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ARM unveils multi-core chip design

License now, punch out silicon in Q2 2005

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ARM yesterday announced that it is ready to sign licensees for its first multi-core processor, but it admitted it will be a year before silicon derived from the technology begins to appear.

The multi-core design, dubbed the MPCore, was co-developed with NEC to support single-core to four-core processors. Based on the ARMv6 architecture, each core also integrates more recent technology, including ARM's AltiVec/3DNow/SSE-style 'single instruction, multiple data' (SIMD) multimedia processing extensions and the company's Jazelle Java acceleration circuitry.

Pitched at mobile applications, MPCore features a power controller that can shutdown unused cores, taking the consumption down to 0.57mW/MHz for a 130nm CPU. That figures excludes power consumed by the chip's L2 caches, which maintain coherency using a "modified" version of the MESI (Modified, Exclusive, Shared, Invalid) protocol, ARM added.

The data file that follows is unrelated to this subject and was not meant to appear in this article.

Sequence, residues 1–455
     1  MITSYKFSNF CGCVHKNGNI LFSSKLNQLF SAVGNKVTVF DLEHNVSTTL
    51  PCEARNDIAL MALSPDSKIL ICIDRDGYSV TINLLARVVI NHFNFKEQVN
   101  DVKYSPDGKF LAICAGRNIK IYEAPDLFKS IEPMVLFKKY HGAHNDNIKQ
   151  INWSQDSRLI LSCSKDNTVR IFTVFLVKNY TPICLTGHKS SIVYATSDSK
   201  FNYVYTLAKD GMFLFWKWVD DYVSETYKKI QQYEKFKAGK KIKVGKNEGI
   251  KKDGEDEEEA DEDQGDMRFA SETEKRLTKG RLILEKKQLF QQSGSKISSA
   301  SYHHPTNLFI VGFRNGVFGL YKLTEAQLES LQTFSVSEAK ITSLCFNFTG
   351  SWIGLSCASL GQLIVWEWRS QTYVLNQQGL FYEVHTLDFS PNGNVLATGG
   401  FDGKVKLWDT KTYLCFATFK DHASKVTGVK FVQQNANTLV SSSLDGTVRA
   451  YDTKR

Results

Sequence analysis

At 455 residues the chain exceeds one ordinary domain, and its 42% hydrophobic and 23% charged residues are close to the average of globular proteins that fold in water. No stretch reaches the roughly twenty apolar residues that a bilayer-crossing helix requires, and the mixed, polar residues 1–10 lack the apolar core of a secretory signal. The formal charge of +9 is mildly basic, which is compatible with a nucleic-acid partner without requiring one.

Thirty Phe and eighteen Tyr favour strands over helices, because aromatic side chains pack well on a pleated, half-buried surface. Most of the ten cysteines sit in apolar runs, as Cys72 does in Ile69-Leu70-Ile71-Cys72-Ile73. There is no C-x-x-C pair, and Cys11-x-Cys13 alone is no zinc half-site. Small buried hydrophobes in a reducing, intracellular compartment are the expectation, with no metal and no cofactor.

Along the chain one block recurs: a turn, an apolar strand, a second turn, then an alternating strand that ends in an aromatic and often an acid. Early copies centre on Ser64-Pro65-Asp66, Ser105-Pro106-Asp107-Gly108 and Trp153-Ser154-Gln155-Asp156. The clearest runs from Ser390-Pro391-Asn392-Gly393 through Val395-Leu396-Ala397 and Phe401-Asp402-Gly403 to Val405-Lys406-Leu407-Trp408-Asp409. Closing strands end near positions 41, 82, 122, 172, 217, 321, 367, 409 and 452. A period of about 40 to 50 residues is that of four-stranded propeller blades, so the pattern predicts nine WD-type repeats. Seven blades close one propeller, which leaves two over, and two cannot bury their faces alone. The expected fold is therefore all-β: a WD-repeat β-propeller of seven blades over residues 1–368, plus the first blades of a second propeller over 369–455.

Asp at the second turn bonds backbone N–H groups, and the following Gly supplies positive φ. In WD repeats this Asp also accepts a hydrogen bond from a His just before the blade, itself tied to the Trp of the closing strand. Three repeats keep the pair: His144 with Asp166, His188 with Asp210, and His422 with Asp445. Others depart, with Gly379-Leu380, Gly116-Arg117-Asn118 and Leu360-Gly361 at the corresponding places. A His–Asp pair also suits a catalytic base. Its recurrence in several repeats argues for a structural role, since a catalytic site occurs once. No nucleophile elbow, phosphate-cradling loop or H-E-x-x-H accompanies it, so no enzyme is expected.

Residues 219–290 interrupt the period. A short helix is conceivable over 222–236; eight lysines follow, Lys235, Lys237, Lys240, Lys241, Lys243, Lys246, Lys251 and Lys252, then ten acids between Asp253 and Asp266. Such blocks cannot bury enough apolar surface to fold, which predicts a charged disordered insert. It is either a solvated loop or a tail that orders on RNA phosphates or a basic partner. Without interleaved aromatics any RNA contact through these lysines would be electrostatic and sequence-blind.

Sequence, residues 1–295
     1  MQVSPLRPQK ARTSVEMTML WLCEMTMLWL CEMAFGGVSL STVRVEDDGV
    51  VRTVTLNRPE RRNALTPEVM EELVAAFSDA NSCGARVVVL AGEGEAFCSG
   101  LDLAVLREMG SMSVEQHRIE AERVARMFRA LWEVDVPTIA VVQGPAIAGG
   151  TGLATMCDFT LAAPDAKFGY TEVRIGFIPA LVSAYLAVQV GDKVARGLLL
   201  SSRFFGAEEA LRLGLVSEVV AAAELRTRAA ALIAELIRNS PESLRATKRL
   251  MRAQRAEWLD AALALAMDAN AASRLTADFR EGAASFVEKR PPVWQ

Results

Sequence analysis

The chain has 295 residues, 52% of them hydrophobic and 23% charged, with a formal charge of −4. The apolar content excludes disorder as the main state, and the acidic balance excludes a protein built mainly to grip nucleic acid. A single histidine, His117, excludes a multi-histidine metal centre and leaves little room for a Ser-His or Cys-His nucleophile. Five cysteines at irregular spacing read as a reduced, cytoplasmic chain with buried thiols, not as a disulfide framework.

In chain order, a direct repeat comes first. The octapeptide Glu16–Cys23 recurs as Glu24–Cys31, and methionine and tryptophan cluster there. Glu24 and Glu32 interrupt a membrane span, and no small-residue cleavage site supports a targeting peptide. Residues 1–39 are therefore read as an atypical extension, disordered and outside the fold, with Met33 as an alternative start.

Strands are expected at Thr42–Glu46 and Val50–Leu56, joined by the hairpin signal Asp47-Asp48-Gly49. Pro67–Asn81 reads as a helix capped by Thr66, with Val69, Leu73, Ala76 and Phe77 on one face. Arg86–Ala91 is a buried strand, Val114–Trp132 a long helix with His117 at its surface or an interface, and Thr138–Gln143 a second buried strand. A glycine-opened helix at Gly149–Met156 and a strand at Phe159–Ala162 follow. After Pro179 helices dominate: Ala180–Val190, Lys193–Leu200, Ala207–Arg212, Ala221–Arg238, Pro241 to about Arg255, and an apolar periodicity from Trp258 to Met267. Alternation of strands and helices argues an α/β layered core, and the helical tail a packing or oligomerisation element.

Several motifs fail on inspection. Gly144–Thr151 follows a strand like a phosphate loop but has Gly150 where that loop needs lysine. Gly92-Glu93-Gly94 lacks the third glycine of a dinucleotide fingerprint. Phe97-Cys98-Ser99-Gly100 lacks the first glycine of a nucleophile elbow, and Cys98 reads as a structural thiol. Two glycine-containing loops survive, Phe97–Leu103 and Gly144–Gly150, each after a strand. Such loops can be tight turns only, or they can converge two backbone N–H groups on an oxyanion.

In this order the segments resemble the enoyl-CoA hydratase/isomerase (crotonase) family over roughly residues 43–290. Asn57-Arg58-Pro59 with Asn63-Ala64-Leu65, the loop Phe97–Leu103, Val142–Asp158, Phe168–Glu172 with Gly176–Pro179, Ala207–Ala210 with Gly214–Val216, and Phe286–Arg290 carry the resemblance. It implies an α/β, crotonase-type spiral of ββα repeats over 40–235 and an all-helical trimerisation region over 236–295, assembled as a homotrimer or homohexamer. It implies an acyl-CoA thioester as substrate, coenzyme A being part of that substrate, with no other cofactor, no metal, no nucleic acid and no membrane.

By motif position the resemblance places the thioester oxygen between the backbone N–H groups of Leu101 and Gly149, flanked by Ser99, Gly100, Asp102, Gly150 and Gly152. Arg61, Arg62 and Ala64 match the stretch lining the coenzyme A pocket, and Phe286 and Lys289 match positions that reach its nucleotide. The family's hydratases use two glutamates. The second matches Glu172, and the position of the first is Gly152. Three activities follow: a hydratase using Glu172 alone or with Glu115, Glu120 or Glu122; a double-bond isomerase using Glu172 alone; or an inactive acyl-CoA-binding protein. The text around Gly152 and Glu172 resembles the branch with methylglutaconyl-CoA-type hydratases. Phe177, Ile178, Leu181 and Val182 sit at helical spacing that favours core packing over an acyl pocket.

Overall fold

The MPCore Energy Manager can reduced power consumption by up to 85 per cent, ARM said. It didn't say from what baseline that reduction is measured - presumably from four separate ARM CPUs.

The design supports both symmetric and asymmetric multi-processing, said ARM, with both techniques backed by a variety of operating systems. ARM has begun offering a Linux 2.6-based development system.

In addition to developing the MPCore, NEC said it will use the part in hardware products of its own that target the consumer electronics, automotive and mobile markets. ®

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Intel plots 4MB L2, 64-bit desktop CPU
First 65nm IBM PowerPC chip to be dual-core
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